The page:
Pennsylvania Attorney General Josh Shapiro said a registered nurse at UPMC Magee-Women’s Hospital stole a patient’s Oxycontin by switching it with the sedative Lunesta.
Shapiro said this caused the woman’s pain to become so intolerable that she kept one of the pills given to her by the nurse and convinced the hospital to test the pill.
The test found that the pill was the sedative Lunesta, a drug which was not prescribed to the patient.
Shapiro’s office announced that the nurse, Tiffany Hafner, 28, of Pittsburgh, faces charges of theft, drug offenses and neglect of a care dependent person. She is also being accused of bringing the Lunesta into the hospital from outside of the hospital.
“As we’ve seen in this crisis, we owe a debt to the thousands of medical professionals in Pennsylvania who are enduring a prolonged crisis to save lives and keep us safe, but when someone abuses that trust we will hold them accountable. This defendant abused her position when she stole medication from a patient and left them in pain. We will not tolerate the neglect of the vulnerable Pennsylvanians,” Shapiro said.
Hafner was released after arraignment and is scheduled for a preliminary hearing on July 23.
Oxycontin is a very valuable narcotic on the black market. It is largely responsible for the opioid crisis currently devastating the United States, a crisis the Centers for Disease Control and Prevention said caused 47,600 U.S. overdose deaths in 2017.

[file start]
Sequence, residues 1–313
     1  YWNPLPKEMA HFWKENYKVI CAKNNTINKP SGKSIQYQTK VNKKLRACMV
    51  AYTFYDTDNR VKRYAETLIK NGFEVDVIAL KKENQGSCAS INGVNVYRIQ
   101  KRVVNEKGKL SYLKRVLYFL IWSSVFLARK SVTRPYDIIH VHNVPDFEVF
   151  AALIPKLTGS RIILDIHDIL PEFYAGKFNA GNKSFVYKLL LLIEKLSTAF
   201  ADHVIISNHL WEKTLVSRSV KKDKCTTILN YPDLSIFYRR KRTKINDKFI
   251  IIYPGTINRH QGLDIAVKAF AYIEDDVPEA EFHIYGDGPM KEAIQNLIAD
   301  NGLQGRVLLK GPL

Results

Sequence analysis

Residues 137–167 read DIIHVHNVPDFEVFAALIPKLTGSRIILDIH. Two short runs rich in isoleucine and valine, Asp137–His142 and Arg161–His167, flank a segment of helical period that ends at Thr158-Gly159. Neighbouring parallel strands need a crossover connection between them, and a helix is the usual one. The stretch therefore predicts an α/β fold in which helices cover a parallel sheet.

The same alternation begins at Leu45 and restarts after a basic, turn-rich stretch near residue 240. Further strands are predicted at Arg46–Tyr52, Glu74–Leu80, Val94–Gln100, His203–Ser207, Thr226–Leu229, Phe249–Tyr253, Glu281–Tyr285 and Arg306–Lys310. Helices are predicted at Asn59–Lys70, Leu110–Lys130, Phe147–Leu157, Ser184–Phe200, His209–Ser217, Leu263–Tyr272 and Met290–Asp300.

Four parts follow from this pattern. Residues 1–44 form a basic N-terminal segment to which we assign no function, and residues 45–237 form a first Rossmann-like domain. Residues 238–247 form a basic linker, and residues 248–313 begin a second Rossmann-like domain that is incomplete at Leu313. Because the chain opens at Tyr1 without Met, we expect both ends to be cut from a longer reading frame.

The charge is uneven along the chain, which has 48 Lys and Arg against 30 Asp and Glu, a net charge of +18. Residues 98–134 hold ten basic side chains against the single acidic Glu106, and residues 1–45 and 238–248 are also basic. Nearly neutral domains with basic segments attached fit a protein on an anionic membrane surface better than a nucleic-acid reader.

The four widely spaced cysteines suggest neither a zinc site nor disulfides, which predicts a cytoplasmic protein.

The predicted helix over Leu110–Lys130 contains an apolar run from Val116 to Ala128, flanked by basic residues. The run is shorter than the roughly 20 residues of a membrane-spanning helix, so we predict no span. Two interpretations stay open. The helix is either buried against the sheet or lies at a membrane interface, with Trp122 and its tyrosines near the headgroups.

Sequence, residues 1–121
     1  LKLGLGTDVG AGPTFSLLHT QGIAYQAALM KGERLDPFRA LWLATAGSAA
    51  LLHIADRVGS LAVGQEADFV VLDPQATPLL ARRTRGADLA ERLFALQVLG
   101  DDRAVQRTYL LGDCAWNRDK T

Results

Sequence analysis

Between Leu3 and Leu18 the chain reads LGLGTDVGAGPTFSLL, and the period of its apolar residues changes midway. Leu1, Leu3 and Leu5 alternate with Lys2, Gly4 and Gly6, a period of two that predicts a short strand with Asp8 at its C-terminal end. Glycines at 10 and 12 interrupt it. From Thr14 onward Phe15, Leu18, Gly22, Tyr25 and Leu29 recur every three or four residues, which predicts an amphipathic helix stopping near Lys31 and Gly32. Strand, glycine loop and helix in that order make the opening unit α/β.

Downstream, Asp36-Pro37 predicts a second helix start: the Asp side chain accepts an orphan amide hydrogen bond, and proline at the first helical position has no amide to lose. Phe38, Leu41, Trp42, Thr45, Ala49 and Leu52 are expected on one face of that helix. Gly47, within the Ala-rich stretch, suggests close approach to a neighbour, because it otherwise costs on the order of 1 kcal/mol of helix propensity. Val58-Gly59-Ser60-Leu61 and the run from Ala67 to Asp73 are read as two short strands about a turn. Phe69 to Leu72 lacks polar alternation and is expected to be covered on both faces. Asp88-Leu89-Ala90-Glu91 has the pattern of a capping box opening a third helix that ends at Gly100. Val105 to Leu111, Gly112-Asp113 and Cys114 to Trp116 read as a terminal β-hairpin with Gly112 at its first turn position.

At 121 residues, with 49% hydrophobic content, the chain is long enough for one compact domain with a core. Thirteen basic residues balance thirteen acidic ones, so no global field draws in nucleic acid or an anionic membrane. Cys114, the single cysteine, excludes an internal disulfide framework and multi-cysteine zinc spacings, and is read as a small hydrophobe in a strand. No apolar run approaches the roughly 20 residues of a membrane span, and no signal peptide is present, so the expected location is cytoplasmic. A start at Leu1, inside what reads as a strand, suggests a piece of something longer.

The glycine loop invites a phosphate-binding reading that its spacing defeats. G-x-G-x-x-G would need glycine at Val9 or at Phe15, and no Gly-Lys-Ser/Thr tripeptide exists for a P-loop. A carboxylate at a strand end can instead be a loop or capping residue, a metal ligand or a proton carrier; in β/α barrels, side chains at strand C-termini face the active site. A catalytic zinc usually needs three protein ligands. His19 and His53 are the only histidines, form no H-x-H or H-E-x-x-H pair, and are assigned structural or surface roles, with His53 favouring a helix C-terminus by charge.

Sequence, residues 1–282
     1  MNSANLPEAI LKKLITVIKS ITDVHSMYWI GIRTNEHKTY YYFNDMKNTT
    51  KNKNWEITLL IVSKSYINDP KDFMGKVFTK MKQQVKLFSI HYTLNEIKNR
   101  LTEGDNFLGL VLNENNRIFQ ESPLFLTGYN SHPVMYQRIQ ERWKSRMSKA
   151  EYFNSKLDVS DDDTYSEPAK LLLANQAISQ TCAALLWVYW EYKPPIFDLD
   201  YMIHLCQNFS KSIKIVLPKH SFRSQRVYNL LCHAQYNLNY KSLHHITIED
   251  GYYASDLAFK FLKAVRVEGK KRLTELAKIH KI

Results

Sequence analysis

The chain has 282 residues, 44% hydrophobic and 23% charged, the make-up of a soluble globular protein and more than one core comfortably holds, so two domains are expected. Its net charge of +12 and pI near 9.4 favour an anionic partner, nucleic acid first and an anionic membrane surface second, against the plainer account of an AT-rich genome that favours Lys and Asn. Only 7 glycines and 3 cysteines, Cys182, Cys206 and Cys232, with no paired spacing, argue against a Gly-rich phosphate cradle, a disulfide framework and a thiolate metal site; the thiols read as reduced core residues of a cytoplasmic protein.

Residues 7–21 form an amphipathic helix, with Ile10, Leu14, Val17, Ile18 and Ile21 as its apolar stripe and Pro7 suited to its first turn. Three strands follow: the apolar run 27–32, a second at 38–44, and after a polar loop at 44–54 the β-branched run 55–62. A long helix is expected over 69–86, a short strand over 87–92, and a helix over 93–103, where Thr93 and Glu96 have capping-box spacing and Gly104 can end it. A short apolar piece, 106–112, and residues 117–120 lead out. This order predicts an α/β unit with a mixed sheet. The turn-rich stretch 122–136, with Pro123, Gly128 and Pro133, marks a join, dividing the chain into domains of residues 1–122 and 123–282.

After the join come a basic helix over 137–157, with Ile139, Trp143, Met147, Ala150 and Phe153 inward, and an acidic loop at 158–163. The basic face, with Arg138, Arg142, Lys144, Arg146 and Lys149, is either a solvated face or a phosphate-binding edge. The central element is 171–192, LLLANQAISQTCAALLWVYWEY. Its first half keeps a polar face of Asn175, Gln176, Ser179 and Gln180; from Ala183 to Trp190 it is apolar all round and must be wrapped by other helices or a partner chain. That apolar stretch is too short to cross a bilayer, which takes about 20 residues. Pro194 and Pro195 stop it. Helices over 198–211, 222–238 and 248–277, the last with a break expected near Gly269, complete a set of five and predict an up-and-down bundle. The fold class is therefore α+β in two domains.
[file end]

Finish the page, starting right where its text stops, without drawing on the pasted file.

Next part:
Purdue Pharma, the manufacturer of Oxycontin, is currently facing thousands of lawsuits which claim they engaged in illegal Oxycontin marketing by covering up the drug’s potential for addiction.
Purdue entered a guilty plea in federal court to understating the addiction risk of Oxycontin. The U.S. Department of Justice said Purdue engaged in the following harmful Oxycontin marketing practices:
• Falsely informing providers of healthcare that it is more difficult to extract oxycodone from Oxycontin tablets for the purpose of intravenous abuse, compared to other medications;
• Falsely informing providers of healthcare that Oxycontin creates fewer chances for addiction when compared to immediate-release opioids;
• Teaching Purdue’s sales supervisors that the blood level effects of Oxycontin are steadier than that of immediate-release opioids, cause less euphoria than immediate-release opioids and cause less potential for abuse than immediate-release opioids;
• Falsely informing providers of healthcare that patients taking Oxycontin wouldn’t develop tolerance to it and could quit it “cold turkey” without withdrawal;
• Falsely informing providers of healthcare that Oxycontin didn’t cause euphoria and had less abuse and addiction potential than immediate-release opioids.